A battle cry is echoing across the Warwickshire countryside as residents from villages and towns lining the proposed high speed route join forces to fight the plans.
Homeowners believe the environmental costs are too high a price to pay for the Birmingham to London express service and do not want a swathe cut through the countryside.
They fear trains will shatter the tranquillity of middle England as they carve their way through Buckinghamshire and the Chilterns before speeding north through villages in Warwickshire and Solihull borough.
Scores of concrete viaducts will scar the landscape to carry the lines over rivers and wetlands while 440 homes across the country will be flattened.
They include as many as ten in the tiny village of Burton Green, between Balsall Common and Kenilworth.
The last trains which came through the village were powered by steam and stopped during Dr Beeching’s infamous cuts of the 1960s.
But dismayed locals are steeling themselves to fight tooth and nail after learning that the long-abandoned track forms part of the new route.
Gayle Clemett and husband Nigel moved in to a house on Cromwell Lane three years ago and have spent thousands of pounds on an extension.
“The line will come straight through our kitchen according to the plans,” said the 54-year-old. “We moved here from Balsall Common because the house has got six acres of land and our daughters can ride their horses.
“We never had any idea this was coming. We are absolutely devastated. Our house will probably be bought off us but I feel for the people who will have their gardens right up against the tracks.
“There will be a huge bridge coming through Burton Green which will ruin its character.
“The village will get together and we will fight this.”
The chairman of Burton Green Residents Association, Chris Langton, was away in Australia when news of the plans broke and said he was inundated with e-mails and phone calls.
Mr Langton said locals could boast a track record for sending outsiders packing with their unwanted plans after successfully battling plans for a coal mine at nearby Hawkhurst Moor.
“My worry is that if you don’t make your voice heard very early on, these things can slip in under the radar,” he said.
“We haven’t met to discuss this yet but the impression I get is that people will be very keen to fight it with whatever we have got.
“If it made more sense at a national level, I don’t think people would be as upset but spending £500 for every man, woman and child in the country on a rail line that only a minority of people will use does not make sense.”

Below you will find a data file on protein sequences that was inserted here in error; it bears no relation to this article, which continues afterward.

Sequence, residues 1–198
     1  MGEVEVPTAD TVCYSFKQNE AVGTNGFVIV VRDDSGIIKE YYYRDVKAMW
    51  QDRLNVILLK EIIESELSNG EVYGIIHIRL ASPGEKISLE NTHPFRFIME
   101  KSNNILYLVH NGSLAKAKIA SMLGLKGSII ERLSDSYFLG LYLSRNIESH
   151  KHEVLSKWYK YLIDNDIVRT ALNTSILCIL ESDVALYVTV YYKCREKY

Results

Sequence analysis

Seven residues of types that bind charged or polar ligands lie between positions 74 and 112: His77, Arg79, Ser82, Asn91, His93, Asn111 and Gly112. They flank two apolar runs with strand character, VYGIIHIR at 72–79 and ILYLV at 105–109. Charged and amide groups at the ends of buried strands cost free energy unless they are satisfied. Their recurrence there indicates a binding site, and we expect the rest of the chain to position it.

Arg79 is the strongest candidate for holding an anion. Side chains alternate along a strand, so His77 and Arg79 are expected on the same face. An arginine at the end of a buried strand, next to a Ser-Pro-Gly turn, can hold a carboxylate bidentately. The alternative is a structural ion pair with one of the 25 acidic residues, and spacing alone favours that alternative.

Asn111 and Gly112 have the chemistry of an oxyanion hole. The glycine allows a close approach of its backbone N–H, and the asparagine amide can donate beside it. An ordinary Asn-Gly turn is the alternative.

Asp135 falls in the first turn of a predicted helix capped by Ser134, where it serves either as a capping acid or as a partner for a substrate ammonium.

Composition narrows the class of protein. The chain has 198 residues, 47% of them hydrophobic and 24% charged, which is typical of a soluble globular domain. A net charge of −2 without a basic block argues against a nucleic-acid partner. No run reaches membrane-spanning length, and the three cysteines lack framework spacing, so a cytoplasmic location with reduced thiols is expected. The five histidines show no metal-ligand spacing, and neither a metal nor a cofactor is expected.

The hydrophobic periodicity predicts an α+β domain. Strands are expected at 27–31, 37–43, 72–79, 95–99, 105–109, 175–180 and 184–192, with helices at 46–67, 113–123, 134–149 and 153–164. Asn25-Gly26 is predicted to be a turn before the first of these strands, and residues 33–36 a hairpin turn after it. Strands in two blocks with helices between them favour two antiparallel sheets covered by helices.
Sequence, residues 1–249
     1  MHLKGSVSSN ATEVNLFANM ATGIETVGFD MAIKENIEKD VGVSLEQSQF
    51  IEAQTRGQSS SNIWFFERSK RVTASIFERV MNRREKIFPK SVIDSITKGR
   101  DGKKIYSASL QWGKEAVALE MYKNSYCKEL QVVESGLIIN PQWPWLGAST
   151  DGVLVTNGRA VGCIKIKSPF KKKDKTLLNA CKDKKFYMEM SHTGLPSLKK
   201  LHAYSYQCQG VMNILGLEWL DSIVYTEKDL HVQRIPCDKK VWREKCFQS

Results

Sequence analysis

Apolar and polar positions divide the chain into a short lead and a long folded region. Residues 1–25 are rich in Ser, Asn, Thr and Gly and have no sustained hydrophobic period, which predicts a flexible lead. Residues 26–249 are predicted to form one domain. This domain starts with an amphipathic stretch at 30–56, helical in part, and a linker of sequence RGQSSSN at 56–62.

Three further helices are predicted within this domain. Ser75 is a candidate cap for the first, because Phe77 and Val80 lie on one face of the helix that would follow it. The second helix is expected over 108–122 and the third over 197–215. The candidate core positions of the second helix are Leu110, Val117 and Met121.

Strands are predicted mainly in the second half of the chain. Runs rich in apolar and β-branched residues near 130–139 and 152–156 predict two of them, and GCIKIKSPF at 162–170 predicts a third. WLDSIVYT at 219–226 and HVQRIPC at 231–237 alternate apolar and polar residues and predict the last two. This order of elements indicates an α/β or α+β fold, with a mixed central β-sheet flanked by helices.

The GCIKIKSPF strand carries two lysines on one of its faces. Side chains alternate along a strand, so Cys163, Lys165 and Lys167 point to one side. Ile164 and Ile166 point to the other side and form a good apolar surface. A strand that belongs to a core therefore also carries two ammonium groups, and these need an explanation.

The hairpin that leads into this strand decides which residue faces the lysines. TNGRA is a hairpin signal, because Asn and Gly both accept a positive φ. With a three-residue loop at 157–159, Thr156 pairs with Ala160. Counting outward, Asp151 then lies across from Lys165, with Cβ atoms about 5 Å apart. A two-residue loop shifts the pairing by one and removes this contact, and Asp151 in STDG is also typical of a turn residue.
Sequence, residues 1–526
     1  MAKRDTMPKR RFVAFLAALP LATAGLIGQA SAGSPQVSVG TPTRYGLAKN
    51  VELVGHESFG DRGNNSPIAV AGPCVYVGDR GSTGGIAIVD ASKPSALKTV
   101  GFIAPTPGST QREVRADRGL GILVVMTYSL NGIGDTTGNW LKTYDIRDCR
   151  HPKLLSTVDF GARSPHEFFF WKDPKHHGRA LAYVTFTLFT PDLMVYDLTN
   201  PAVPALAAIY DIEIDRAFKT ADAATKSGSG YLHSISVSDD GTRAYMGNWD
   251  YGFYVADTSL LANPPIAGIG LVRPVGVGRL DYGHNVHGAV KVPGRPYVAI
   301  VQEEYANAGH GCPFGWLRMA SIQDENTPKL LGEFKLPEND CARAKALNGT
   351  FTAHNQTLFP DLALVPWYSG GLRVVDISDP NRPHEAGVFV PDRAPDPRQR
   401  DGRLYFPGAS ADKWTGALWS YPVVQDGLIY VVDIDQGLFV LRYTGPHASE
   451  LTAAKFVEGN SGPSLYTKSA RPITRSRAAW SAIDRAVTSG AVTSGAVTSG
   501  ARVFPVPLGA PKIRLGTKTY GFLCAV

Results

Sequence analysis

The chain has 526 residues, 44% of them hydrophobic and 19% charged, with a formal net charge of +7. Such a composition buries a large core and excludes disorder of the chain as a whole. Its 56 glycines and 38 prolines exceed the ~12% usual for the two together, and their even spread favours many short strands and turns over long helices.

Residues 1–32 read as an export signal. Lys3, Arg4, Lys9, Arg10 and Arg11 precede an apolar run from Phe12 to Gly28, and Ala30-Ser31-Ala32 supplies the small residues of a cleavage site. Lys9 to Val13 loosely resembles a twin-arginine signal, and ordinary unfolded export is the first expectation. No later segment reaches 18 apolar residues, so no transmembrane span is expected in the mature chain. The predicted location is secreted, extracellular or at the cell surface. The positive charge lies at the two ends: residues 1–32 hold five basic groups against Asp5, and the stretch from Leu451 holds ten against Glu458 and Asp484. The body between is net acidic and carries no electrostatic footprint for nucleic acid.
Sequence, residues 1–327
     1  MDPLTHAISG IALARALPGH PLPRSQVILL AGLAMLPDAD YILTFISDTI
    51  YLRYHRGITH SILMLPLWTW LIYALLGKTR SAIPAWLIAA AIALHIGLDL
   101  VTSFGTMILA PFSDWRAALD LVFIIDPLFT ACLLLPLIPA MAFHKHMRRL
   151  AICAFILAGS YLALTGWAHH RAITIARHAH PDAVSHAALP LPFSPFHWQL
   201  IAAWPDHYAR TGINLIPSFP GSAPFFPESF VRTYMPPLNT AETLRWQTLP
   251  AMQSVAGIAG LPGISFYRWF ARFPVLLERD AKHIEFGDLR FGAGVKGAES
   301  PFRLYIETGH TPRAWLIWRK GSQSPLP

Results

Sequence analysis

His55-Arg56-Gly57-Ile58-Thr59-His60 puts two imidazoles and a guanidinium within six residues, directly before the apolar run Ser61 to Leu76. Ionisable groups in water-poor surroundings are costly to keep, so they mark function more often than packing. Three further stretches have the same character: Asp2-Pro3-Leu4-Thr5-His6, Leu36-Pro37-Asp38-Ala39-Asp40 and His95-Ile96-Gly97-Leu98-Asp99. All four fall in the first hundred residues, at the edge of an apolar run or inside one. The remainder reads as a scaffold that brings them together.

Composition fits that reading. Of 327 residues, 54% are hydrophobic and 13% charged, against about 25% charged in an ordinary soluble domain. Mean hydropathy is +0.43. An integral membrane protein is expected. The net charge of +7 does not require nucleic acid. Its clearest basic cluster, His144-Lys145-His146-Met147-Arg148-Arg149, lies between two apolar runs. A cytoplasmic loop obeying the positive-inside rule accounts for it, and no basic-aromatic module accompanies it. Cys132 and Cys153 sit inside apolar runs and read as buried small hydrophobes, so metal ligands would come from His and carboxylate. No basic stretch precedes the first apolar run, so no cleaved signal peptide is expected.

From Burton Green, the line will head north between the commuter belt villages of Berkswell and Balsall Common.
Parish councillors said they believed a minority of residents would be happy at the prospect of reaching London in 38 minutes from Birmingham International station. But they said that most will be furious about the noise created by the trains and the loss of picturesque views across the Meriden Gap.
Richard Lloyd, chairman of Berkswell Parish Council, said: “It’s hard to imagine the impact but certainly it would be pretty severe.
“The proposal is to have a viaduct over the valley and that would be a disaster because we have got some beautiful countryside round here.
“Something which leaves a line of environmental damage in its path is a crazy idea and this is clearly the wrong route.
“We will fight with everything we have got to stop this.”
Judy Lea, vice chairman of Balsall Common Parish Council, added: “I don’t think a lot of people have seen the plans in detail yet but there will be some consternation.
“Better access to the Midlands has got to be a good thing but not at any cost and I wouldn’t be surprised if this is a very big issue for years to come.”
Before reaching a new multimillion pound terminal at Birmingham Airport the line will pass close to Hampton-in-Arden and within 200 yards of houses on Diddington Lane.
Resident Marshall Blair said villagers already had to put up with the dual blight of noise from the airport and the West Coast Mainline which runs to the west.
“It will be pretty much unbearable with this on top,” he said. “I’ve looked very closely at the plans and it comes within 190 yards of my garden.
“We’ve got beautiful views here and the new line would absolutely ruin that because it would be raised on two long viaducts in and out of the village.
“I just do not think people here care about getting to London in 30 minutes.”
North and east of Birmingham the line is likely to hit the same level of opposition as it passes through Water Orton, Lichfield and Middleton.
The line is due to speed just to the north of the Belfry golf club through Middleton House Farm, which Robert Davies owns with brother Gordon.
He fears 17 acres of ancient woodland which is designated an area of historic interest will be split in two by the plans.
“The line goes right through the bungalow where I have been living for 30 years,” he said. “We were stunned because it was only when a tenant called me in to the office that we knew anything about this.
“We sold our dairy herd because we weren’t making any money from it and we diversified in to bed and breakfast but I don’t think anyone will want to come and stay if all they can see is concrete supports.
“We have got a meeting with our MP to see where we go from here but at the moment, we are getting ready to fight.”